“I ought to tell you something though,” he went on gravely and hesitated.
“Yes, Dicky! What is it?”
“Well, I don’t quite know what it means, and I don’t like to ask any one else. Perhaps you can tell me. . . . I wouldn’t ask it if it weren’t that I’d hate to take you in; or if I could find out any other way.”
“But what is it, dear?”
“Something against me. I can’t tell what, though I’ve looked at myself again and again in the glass, trying.” He met her eyes bravely, with an effort. “Ruth, dear—what is a bastard?”
Ruth sat still. Her palms were folded, one upon another, over the book on her knees.
“But what is it?” he pleaded.
“It means,” she said quietly, “a child whose father and mother are not married—not properly married.”
A pause followed—a long pause—and the tumbling cascade sounded louder and louder in Ruth’s ears, while Dicky considered.
“Do you think,” he asked at length “that papa was not properly married to my mother?”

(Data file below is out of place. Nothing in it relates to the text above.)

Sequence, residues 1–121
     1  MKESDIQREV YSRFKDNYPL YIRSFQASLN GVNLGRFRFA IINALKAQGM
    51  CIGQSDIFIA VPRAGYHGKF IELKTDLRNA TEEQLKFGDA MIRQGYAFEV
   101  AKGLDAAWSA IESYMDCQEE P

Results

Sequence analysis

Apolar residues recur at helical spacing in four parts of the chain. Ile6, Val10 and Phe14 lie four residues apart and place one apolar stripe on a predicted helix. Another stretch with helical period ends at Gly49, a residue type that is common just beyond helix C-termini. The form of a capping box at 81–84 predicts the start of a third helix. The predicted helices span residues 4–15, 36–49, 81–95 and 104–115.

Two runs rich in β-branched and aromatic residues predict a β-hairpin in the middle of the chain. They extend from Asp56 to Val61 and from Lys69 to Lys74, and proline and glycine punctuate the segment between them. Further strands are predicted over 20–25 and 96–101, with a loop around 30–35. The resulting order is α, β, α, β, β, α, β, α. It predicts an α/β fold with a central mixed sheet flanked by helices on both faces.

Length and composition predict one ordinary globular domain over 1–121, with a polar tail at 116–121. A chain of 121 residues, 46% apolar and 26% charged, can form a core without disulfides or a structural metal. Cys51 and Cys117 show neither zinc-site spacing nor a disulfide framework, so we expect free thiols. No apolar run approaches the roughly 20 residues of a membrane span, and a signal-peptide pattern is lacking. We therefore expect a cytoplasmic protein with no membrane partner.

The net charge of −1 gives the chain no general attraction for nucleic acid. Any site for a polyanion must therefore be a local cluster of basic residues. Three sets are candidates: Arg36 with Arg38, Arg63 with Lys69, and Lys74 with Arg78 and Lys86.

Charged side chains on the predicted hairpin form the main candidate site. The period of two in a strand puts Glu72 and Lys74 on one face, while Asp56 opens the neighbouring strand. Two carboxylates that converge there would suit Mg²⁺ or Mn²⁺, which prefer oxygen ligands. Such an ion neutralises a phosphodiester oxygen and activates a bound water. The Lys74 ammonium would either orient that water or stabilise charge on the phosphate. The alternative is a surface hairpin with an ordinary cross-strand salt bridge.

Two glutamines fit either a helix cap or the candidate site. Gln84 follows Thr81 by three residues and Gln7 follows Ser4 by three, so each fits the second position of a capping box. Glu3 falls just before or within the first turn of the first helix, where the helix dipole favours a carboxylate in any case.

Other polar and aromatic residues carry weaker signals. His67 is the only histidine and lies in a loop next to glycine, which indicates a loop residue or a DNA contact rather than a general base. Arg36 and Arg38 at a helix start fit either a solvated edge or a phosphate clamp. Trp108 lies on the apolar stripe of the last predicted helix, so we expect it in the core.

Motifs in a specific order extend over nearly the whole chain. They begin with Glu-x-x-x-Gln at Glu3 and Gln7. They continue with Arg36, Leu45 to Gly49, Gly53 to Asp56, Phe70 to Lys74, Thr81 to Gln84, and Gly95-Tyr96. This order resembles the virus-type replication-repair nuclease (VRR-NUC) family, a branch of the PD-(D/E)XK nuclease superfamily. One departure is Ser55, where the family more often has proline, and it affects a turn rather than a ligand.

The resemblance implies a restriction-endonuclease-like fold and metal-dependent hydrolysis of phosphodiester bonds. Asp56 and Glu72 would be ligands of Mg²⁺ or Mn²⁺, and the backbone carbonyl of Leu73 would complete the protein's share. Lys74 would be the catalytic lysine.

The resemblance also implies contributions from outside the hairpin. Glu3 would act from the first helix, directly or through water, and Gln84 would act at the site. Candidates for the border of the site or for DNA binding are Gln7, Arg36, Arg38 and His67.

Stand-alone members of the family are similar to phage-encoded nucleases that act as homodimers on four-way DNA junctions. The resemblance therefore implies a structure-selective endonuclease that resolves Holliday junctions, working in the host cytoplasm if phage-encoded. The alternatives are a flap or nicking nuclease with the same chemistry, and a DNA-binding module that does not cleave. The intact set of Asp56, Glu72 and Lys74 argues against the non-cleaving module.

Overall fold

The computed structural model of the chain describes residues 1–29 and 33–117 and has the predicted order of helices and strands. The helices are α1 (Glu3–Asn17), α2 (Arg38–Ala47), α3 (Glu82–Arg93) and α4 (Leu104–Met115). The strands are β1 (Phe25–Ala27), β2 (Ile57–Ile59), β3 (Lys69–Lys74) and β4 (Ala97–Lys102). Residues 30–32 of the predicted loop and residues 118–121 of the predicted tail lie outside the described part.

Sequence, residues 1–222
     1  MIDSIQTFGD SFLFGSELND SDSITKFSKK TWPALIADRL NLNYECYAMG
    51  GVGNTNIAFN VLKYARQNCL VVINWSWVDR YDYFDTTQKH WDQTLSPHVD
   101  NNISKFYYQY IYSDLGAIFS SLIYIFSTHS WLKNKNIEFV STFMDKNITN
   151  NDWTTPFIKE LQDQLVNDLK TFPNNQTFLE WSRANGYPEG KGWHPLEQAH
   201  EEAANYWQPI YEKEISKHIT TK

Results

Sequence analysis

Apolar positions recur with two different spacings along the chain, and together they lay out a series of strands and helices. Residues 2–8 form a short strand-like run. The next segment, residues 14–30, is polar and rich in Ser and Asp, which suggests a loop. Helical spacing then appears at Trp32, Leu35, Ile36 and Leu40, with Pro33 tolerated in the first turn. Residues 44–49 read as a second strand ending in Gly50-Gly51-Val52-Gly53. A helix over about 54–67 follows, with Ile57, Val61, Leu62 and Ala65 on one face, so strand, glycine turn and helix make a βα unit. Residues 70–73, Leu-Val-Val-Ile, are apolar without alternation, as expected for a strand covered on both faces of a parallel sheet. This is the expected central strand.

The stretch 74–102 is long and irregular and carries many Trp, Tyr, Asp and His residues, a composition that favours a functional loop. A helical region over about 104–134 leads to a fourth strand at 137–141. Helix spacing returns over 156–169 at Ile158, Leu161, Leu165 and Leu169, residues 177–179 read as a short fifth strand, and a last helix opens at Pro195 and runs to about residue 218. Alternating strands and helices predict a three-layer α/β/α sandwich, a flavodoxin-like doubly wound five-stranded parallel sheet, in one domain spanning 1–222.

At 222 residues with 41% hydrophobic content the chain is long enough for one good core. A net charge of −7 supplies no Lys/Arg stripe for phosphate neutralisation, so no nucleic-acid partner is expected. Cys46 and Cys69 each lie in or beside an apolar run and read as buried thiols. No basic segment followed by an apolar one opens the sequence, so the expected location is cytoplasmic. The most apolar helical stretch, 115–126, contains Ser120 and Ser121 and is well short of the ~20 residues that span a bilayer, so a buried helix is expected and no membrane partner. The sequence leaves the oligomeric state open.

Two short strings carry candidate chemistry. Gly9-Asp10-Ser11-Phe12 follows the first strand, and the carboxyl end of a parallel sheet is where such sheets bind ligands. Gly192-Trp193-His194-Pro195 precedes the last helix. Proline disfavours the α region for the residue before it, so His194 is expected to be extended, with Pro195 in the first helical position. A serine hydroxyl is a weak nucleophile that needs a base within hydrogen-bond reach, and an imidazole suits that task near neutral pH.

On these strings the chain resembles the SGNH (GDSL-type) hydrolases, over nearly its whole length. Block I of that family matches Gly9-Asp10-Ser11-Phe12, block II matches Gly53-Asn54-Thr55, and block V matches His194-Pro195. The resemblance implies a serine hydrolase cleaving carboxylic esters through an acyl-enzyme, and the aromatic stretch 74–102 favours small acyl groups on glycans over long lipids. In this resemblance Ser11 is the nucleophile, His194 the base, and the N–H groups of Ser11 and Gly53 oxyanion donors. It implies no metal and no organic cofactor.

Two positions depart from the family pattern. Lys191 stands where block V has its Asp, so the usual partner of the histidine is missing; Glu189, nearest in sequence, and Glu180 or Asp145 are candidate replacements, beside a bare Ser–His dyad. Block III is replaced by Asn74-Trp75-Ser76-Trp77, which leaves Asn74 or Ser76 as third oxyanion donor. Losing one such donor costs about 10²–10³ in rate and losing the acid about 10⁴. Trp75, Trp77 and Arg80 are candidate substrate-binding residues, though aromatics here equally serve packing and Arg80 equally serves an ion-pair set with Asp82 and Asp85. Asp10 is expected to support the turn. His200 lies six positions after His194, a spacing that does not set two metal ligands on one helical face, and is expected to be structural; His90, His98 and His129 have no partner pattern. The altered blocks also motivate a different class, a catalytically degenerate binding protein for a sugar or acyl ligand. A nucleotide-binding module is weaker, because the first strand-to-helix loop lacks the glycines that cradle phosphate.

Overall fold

“No, dear—no. And even if that were so, what difference could it make to my loving you?”
“It wouldn’t make any! Sure?”
“But it might make a difference to papa,” he persisted, “if ever papa had another child—like Abraham, you know—” Here he jumped to his feet, for she had risen of a sudden. “Why, what is the matter?”
She held out a hand. There were many dragon-flies by the fall, and for the moment he guessed that one of them had stung her.
“Dicky,” she said. “Whatever happens, you and I will be friends always.”
“Always,” he echoed, taking her hand and ready to search for the mark of the sting. But her eyes were fastened on the water bubbling from the well head.
A branch creaked aloft, and to the right of the well head the hickory bushes rustled and parted.
“So here are the truants!” exclaimed a voice. “Good-morning, Miss Josselin!”
The Reverend Nahum Silk, B.A., sometime of St. Alban’s Hall, Oxford, had first arrived in America as a missioner seeking a sphere of labour in General Oglethorpe’s new colony of Georgia. He was then (1733-4) a young man, newly admitted to priest’s orders, and undergoing what he took to be a crisis of the soul. Sensual natures, such as his, not uncommonly suffer in youth a combustion of religious sentiment. The fervour is short-lived, the flame is expelled by its own blast, and leaves a house swept and garnished, inviting devils.